Republican Representative Mark Meadows told reporters after day one of the impeachment hearings that everyone can have a different opinion of what the “truth” actually is, showing that Meadows doesn’t actually understand the meaning of the word “truth.” There is only one version of the truth, and right now that version isn’t jiving with what Meadows and the Republicans want, so they will continue to lie and mislead the public about what’s happening. Ring of Fire’s Farron Cousins discusses this.
*This transcript was generated by a third-party transcription software company, so please excuse any typos.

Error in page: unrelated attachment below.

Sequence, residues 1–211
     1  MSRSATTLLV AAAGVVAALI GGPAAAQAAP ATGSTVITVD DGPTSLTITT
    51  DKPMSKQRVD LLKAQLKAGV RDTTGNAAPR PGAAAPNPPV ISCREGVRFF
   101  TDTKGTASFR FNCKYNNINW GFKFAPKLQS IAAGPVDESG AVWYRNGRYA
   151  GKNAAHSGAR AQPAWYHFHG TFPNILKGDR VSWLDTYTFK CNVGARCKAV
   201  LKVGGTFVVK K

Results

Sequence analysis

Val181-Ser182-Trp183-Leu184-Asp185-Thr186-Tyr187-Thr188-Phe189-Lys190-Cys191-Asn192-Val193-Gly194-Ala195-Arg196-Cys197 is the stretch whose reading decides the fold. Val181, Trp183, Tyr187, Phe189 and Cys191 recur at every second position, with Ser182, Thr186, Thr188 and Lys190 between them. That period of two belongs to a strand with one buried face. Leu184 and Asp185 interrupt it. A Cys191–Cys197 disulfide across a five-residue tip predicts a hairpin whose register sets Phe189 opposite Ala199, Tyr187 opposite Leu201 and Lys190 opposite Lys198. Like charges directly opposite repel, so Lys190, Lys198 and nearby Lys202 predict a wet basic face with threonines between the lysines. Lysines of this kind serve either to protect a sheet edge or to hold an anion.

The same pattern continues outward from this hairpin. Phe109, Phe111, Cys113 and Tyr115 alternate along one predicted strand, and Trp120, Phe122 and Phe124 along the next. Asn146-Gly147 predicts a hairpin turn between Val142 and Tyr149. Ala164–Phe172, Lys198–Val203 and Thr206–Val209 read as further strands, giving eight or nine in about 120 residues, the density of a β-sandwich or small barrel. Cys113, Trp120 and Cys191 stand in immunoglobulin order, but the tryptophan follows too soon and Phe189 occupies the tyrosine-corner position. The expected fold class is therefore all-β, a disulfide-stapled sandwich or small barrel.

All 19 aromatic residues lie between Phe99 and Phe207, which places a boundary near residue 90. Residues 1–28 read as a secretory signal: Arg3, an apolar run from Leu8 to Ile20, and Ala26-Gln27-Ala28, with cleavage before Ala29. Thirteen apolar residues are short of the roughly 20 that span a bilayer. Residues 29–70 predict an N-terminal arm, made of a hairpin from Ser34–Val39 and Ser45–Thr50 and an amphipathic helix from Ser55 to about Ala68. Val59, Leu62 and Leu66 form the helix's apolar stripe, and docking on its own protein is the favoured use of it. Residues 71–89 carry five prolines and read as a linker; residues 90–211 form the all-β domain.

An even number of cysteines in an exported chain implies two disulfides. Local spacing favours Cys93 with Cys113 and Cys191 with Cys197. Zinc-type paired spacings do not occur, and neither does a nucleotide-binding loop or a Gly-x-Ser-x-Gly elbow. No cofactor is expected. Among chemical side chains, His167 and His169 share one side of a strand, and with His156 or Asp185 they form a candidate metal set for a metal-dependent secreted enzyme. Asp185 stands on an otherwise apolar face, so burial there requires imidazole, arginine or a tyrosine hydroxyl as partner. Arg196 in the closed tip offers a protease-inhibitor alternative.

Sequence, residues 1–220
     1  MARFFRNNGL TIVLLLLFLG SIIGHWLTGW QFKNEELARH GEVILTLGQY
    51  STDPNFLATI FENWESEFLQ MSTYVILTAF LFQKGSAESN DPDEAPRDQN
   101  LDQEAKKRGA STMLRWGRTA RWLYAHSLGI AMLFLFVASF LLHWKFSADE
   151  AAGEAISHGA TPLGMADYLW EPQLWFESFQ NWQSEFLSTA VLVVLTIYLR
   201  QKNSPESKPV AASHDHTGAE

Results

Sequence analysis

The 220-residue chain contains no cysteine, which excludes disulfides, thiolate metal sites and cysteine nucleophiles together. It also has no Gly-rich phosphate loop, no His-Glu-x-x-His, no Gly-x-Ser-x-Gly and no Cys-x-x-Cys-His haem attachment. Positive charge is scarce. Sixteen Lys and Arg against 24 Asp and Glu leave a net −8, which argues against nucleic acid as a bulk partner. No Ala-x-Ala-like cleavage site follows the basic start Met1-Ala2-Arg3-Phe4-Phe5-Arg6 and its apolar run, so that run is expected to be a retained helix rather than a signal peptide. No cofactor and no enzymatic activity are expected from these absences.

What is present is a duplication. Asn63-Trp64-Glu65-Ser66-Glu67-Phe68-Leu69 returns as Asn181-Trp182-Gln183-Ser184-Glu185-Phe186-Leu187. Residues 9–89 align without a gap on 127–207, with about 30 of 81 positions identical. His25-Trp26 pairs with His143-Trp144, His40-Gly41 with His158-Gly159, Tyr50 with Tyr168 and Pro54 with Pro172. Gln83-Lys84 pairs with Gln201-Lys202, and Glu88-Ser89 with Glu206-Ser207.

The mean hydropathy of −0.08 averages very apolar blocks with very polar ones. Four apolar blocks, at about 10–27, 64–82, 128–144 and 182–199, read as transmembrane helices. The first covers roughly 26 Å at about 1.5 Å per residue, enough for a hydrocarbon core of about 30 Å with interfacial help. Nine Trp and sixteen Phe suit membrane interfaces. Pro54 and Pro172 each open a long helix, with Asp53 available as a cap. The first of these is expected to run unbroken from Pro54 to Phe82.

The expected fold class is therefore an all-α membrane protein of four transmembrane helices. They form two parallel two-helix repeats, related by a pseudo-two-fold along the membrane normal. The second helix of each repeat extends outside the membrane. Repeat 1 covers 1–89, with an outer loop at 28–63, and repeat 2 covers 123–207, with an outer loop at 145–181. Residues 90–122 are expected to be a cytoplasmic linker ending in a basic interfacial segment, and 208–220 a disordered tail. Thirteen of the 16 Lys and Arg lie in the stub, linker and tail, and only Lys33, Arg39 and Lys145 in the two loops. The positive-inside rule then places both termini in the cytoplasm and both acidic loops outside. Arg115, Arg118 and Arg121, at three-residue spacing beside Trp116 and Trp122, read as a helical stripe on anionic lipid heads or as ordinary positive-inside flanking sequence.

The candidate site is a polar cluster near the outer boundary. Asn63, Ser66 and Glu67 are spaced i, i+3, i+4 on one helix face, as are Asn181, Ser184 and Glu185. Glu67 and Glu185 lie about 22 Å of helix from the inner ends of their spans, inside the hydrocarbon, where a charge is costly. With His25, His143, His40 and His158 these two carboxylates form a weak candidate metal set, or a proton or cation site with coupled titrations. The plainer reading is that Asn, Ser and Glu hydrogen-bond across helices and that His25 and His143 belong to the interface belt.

After yesterday’s impeachment hearings concluded, Republican representative Mark Meadows had the opportunity to speak with reporters about what had happened throughout the day and you know, rather than really address what happened and you know, talk about the fact that yeah, it was a bad day for Republicans Meadows instead decided to tell reporters that there’s lots of different versions of the truth. Now here is the exact quote from representative Mark Meadows. You know, it’s amazing. He was prepping to come up here talking about Taylor. He prepped for hours to come up here. Then all of a sudden he gets this miraculous intervention from one of his staffers that reminds him of something. Does it concern me? No. I think what happens is when we start to look at the facts, everybody has their impression of what truth is. Just like you as reporters have your impression of what truth is. Um, no. Mr. Meadows, truth is the truth. You don’t get to have an impression of the truth. You don’t get to have your own version of the truth. You don’t get to have your own reality where your truth is truth in somebody else’s truth is fake. Truth is the truth. I mean, look, this actually really reminded me of the Clinton impeachment where everybody for months and months, years really was harping on Clinton when he was like, well, it depends on what your definition of the word is, is you know, we rag on that guy because he champion challenged the definition of the word is, well, Mark Meadows is trying to one up him here trying to say, wow, there’s, you know, different, uh, interpretations of the truth. There’s different impressions of the truth. Depends on what your definition of truth is really is what this boils down to. We are watching history repeat itself. Both folks, both with the Clinton impeachment and the Nixon impeachment here, except that in both of those instances you had two parties that both seemed somewhat competent in either attacking or defending the person being impeached. Now we’re dealing with only one side that’s only mostly competent, which is the Democrats and the Republicans who have no idea what they’re doing. They don’t. That was one of the biggest takeaways I had yesterday was that Republicans have no idea what they’re doing. They don’t know what they’re saying. They don’t know what they’re going to do. As this moves forward, they don’t know how to handle damning information when it comes out. So instead they walk out of that room, they walk up to reporters and say, well, depends on what truth actually is. Can any of us know the truth? Is the truth out there? What is truth? What are we? No. Stop with your little existential crisis there. Representative Meadows, and deal with the fact that what we got yesterday was indeed the truth. But what you’re telling reporters and your Republican supporters is that it’s a physical impossibility to know exactly what truth is. Now, we learned a lot of truths yesterday, and just because they didn’t jive with whatever it is you’re trying to convince yourself, that doesn’t mean that it’s not actually the truth.